During a weekend leading up to President Obama making a more forceful case for war in Syria, CBS’s Sunday Morning was still pretending that Wilsonian internationalism could have prevented World War II.
Undeterred by his train-wreck on Cinco de Mayo, CBS gave comedian Mo Rocca another historical segment, this one on a new book by A. Scott Berg on President Woodrow Wilson. Rocca asked Berg if the League of Nations could have stopped war with Hitler. (After all, he had the potential to be such a reasonable fellow.)
MO ROCCA: Wilson would spend six months in Paris, his mission, to establish a League of Nations to prevent all future wars.
A. SCOTT BERG: If we had some kind of international parliament where every nation could sit, this could ostensibly stop all war....
ROCCA: The U.S. Senate balked, so in 1919, Wilson took his case to the people, a grueling 29-city tour. But outside Pueblo, Colorado, he collapsed. Days later, he suffered a stroke and took to his bed, the left side of his body paralyzed.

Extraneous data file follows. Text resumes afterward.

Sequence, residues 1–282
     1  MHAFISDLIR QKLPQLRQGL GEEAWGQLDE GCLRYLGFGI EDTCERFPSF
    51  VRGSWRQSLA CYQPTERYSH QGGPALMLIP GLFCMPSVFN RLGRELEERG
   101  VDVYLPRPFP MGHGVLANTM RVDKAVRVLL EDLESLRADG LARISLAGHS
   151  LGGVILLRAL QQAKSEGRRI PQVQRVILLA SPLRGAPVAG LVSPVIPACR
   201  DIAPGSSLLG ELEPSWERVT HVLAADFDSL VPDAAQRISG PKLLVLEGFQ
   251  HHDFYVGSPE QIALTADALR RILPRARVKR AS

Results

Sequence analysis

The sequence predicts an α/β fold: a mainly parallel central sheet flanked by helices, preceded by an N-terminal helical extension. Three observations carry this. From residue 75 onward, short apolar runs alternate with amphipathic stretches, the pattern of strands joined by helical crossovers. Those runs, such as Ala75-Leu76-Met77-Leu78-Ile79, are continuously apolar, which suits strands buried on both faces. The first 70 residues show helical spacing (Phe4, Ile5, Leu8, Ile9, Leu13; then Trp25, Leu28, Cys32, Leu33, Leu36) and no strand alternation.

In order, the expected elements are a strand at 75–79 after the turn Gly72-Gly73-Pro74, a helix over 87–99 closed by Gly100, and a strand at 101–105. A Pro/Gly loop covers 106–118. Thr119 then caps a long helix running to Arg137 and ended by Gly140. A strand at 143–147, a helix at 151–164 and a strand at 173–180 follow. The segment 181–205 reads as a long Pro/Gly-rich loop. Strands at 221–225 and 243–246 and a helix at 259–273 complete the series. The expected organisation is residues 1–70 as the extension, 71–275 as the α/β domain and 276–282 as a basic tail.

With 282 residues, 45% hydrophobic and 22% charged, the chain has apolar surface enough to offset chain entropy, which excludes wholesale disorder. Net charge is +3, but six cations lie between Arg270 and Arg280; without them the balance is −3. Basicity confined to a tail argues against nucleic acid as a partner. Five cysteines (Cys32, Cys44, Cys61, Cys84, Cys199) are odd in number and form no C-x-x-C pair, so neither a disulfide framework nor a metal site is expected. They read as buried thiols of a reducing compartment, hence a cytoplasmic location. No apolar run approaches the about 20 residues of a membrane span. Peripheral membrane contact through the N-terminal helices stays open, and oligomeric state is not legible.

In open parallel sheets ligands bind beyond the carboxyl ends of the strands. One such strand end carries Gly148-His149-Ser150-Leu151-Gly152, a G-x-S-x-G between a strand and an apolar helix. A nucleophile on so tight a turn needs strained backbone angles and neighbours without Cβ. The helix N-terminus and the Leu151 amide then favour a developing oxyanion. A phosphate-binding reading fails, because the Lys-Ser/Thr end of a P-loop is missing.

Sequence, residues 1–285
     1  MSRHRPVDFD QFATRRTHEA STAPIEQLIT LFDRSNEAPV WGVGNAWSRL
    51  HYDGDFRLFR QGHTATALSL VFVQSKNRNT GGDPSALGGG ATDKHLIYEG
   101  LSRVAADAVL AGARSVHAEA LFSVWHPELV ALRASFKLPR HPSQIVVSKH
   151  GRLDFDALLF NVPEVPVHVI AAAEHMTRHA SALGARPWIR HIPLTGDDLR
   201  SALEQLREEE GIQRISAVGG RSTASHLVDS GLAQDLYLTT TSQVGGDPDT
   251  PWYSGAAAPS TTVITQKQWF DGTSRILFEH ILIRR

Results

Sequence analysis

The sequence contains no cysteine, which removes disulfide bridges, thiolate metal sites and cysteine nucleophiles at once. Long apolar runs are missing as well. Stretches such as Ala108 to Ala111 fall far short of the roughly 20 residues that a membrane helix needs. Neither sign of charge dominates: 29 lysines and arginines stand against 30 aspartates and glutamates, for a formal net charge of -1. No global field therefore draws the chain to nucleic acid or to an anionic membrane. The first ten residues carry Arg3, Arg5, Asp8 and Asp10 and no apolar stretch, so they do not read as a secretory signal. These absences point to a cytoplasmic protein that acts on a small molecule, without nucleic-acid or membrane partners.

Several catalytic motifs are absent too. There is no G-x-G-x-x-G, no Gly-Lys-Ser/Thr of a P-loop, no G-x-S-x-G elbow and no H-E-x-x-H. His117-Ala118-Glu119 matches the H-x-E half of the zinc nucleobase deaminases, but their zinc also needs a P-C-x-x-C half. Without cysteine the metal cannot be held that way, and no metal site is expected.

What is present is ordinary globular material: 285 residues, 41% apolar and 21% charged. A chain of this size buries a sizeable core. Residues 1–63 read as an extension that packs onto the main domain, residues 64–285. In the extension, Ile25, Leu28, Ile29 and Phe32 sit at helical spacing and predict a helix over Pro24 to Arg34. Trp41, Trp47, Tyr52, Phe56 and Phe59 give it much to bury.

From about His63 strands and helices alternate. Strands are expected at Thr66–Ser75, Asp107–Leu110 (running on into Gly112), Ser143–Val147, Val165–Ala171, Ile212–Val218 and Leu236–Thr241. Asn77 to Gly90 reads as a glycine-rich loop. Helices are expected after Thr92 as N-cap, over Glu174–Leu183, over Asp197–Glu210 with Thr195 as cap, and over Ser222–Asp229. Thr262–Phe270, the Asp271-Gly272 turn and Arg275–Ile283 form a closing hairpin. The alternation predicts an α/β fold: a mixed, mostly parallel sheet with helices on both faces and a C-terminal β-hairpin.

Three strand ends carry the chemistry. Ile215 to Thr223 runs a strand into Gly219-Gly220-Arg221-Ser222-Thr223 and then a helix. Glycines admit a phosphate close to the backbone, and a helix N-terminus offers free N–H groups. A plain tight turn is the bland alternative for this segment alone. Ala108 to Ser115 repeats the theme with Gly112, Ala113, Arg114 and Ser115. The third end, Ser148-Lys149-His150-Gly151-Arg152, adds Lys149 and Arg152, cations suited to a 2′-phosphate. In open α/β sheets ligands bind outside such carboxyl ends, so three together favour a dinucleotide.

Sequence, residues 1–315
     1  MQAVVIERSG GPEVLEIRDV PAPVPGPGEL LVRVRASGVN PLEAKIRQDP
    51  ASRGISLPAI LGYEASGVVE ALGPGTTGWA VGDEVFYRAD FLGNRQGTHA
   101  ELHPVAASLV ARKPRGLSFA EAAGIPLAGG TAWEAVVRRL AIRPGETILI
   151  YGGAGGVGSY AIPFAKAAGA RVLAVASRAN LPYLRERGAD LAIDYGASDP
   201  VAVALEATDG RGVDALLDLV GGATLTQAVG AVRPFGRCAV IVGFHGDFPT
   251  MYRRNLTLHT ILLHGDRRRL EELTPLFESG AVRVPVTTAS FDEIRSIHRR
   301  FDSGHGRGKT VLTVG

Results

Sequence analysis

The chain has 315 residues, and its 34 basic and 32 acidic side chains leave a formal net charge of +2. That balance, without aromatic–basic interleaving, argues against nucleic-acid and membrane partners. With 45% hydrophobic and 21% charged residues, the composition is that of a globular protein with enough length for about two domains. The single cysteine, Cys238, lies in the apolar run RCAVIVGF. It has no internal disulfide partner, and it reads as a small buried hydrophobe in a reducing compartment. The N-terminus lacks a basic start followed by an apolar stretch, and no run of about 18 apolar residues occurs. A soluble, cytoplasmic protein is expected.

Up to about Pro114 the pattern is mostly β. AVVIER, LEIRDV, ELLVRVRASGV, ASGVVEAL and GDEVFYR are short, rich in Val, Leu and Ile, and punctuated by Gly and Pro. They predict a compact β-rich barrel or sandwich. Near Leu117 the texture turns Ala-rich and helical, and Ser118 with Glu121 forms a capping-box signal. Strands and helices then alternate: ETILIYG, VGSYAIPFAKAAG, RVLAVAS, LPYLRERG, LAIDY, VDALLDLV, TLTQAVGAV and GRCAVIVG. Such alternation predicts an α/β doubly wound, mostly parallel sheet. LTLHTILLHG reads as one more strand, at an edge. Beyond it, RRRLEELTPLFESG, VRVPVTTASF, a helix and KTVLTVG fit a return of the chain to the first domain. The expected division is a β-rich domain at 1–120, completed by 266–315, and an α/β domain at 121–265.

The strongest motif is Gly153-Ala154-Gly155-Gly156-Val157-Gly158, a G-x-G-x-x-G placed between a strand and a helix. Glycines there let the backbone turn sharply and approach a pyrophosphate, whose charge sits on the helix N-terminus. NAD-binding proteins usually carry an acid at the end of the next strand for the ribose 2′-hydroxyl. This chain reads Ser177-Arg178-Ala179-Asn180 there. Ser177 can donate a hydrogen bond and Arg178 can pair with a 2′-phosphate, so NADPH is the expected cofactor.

His second wife Edith took control of Wilson’s affairs, Rocca reported, but “not even Edith could convince Wilson to compromise on even minor details concerning the League.” (Republicans opposed a provision that would require them to defend any League member who suffered external aggression.) “The Senate would vote down Wilson's peace plan. The US would not enter the League -- dooming it.”
Republicans, always ruining world peace!
This might make the historically-challenged viewer think the League of Nations never actually existed, which it certainly did, from 1920 to 1946. But it began to collapse when Germany and the other Axis powers left in the 1930s and built up for what became World War II. This is where the segment turned historically and geopolitically absurd:
ROCCA: Do you think it could have prevented World War II?
BERG (after a long pause): Yeah, I’ll go on record. I think a League of Nations, Wilson's League of Nations could have stopped World War II.
Rocca called this “a controversial take on a controversial president whose influence is with us today.” It's not a "take." It's simply refuted by evidence. It's like asking if the United Nations could have prevented Saddam Hussein from invading Kuwait. Or would Berg say wait, "Dag Hammarskjold's UN" could have stopped Saddam?
Berg theorized to Rocca that adulation in Paris caused Wilson to become “The preacher’s son with a Christ complex.” The Boston Globe relayed “Berg’s chapters liken stages of Wilson’s career to biblical movements,” with titles like “Ascension,’’ “Armageddon,’’ and “Resurrection.’’